Xiuneisi Guan & Ge Wares Kiln Site Found!!
Last year, I wrote an article regarding the possible discovery of the Xiuneisi Guan Kiln Site at Laohudong (tiger cave). The discovery of the kiln site at Tiger cave located at the Phoenix mountain, Hangzhou in 1996 has received much attention both in China and overseas. The kiln site covers an area approximately 2500 sq m. Three dragon kilns, four kiln furnaces for firing biscuits, and other kiln furnitures were found. Tens of thousands of shards were unearthed from more than 20 hoards at the site. The quality of the shards were exquisite and of high quality. The characteristics of the shards are very similar to the extant Guan wares in the National Palace museum of Taiwan and Beijing; and those in the David Percival foundation musuem and the British Museum.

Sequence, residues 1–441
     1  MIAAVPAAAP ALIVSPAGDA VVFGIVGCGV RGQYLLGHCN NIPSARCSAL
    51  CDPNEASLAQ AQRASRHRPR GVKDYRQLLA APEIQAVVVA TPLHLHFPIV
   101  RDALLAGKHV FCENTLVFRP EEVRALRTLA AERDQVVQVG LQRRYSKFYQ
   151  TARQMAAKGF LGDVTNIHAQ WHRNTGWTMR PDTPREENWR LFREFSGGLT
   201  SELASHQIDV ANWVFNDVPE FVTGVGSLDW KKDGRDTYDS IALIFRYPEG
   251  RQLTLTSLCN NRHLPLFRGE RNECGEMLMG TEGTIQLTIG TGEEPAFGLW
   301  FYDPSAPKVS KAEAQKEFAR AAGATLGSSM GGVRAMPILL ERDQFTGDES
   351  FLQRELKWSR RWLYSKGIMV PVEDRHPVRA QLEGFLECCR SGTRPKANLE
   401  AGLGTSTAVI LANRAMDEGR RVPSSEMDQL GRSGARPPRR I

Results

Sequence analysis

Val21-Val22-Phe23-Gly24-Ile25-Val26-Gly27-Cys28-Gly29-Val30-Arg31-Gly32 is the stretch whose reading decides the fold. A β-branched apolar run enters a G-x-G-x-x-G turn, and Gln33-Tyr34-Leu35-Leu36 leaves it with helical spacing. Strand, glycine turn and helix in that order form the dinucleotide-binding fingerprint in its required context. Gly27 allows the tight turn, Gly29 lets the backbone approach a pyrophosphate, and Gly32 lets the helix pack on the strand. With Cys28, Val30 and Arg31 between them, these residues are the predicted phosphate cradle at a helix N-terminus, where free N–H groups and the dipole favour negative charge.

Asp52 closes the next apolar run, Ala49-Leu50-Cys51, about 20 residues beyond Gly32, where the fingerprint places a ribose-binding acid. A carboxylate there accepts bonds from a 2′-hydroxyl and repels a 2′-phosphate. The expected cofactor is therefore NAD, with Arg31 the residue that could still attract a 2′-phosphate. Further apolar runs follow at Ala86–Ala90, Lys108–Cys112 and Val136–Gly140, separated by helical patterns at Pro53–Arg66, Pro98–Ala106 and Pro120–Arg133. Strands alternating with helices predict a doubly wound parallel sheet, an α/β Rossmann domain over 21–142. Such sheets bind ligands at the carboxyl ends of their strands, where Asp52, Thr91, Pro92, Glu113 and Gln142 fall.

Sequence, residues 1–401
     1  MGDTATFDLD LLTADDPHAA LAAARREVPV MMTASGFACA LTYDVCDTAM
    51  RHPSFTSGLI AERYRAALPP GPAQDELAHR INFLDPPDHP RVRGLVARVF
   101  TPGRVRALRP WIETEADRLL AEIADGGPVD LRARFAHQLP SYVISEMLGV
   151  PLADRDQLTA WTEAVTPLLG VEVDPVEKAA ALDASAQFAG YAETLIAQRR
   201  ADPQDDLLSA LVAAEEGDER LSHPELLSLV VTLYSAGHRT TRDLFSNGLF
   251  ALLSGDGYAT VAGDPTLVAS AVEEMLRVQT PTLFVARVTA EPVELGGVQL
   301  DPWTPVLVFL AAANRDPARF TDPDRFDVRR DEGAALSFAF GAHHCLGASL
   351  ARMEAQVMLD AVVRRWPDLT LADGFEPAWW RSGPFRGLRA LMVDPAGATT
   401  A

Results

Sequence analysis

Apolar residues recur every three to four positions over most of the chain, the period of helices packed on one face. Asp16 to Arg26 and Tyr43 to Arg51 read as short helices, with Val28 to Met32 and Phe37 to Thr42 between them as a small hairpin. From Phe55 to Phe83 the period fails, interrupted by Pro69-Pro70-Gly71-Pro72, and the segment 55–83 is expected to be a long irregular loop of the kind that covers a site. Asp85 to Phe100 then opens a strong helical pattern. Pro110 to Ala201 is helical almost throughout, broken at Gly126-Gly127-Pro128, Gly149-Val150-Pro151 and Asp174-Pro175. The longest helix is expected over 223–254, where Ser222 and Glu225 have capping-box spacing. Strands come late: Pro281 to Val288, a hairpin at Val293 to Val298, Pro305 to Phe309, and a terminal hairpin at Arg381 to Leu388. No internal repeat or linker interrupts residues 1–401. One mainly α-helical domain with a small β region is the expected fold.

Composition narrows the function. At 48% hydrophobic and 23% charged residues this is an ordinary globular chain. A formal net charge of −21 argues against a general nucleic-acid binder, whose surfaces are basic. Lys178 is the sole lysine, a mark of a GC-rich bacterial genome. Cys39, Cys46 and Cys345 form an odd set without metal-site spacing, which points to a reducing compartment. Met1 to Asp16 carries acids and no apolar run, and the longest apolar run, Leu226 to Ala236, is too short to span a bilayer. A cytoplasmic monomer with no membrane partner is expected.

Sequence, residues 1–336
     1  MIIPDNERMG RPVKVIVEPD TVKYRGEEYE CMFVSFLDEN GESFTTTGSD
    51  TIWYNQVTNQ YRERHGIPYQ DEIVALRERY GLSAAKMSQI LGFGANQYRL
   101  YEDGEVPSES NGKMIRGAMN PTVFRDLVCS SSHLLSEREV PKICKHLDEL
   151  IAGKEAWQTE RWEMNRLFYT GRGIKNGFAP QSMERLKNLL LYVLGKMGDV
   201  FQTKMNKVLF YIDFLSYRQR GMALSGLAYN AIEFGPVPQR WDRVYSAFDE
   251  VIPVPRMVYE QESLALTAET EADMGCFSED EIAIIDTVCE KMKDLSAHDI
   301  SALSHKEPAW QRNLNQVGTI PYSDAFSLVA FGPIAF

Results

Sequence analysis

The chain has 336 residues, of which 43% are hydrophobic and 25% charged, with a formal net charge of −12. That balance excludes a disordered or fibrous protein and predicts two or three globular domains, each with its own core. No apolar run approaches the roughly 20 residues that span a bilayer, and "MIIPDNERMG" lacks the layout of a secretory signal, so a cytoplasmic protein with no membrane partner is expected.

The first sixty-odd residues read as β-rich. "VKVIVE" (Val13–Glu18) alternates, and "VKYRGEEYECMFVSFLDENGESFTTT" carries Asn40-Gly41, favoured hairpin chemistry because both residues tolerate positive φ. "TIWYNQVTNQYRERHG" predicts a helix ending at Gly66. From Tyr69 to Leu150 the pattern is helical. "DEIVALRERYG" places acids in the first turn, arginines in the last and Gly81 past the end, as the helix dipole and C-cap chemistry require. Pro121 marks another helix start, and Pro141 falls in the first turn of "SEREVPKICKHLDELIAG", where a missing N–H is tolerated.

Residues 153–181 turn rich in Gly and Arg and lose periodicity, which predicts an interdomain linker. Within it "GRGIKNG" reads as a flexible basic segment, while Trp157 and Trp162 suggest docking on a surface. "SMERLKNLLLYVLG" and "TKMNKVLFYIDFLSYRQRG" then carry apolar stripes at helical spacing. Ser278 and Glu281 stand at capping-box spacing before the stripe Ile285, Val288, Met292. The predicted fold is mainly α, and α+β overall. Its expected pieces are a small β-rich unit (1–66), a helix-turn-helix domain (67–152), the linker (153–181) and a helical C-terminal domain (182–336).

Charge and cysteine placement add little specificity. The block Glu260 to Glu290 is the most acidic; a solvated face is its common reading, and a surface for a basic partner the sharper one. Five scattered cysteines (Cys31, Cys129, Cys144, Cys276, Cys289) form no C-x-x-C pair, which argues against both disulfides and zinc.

Initially there were much speculations that the tiger cave (Laohudong) which is located very near the Song Imperial palace is the site of Xiuneisi kiln. However, many of the experts disagreed because of the presence of sherds which were apparently Yuan products. According to Ye Zhen's Tan Zai Bi Heng, it is stated that after the court move to the south, an official by the name of Shao Chengzhang was appointed to set up kilns in accordance with the practice of the old capital and under the Xiuneisi Department to produce porcelain wares to meet the needs of imperial court and the sacrificial rites; later, kilns were built at the foot of the Jiaotan (Suburban Altar). Hence, it was assumed that Xiuneisi ceased production after Jiaotan kilns were built and therefore it is impossible to find Yuan wares on the kiln site.
After more than 5 years of investigations, numerous studies and discussions, the foremost Chinese experts have finally made the following important conclusion: the tiger cave kiln site is the Xiuneisi Guan kiln site and also the location which produced Ge wares during Yuan Dynasty.
Written by: NK Koh (updated : 3 Nov 01)